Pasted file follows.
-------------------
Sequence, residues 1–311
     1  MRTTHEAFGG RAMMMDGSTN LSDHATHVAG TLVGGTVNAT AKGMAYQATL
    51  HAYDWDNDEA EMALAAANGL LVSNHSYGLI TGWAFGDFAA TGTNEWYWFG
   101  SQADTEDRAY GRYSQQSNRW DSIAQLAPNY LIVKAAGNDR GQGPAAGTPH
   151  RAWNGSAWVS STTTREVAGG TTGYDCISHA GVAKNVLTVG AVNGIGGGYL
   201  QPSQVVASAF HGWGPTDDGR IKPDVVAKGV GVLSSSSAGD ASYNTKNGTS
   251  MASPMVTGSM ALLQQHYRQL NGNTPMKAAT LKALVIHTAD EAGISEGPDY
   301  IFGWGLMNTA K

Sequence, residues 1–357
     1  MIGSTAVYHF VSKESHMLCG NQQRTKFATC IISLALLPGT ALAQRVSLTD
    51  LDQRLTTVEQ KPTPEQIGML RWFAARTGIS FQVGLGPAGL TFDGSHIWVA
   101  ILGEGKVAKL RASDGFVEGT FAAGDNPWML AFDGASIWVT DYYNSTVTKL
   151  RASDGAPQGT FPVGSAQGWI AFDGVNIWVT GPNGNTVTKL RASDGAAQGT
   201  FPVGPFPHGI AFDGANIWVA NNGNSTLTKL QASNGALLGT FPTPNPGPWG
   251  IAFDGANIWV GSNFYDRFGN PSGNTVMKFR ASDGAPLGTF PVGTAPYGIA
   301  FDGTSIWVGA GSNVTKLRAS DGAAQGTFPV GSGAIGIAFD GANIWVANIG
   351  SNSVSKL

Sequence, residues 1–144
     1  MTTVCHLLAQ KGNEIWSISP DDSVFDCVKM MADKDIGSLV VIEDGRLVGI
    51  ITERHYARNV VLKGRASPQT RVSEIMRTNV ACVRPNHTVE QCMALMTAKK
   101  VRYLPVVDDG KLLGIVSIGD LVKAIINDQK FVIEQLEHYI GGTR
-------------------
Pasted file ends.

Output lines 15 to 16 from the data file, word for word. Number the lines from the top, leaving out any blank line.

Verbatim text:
   251  IAFDGANIWV GSNFYDRFGN PSGNTVMKFR ASDGAPLGTF PVGTAPYGIA
   301  FDGTSIWVGA GSNVTKLRAS DGAAQGTFPV GSGAIGIAFD GANIWVANIG